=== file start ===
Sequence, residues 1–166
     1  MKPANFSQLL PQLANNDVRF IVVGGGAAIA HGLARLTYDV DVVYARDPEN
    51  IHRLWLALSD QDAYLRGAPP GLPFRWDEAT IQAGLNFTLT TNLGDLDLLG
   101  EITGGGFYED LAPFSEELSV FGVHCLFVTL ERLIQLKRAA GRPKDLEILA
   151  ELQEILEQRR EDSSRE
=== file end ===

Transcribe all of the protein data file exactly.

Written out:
Sequence, residues 1–166
     1  MKPANFSQLL PQLANNDVRF IVVGGGAAIA HGLARLTYDV DVVYARDPEN
    51  IHRLWLALSD QDAYLRGAPP GLPFRWDEAT IQAGLNFTLT TNLGDLDLLG
   101  EITGGGFYED LAPFSEELSV FGVHCLFVTL ERLIQLKRAA GRPKDLEILA
   151  ELQEILEQRR EDSSRE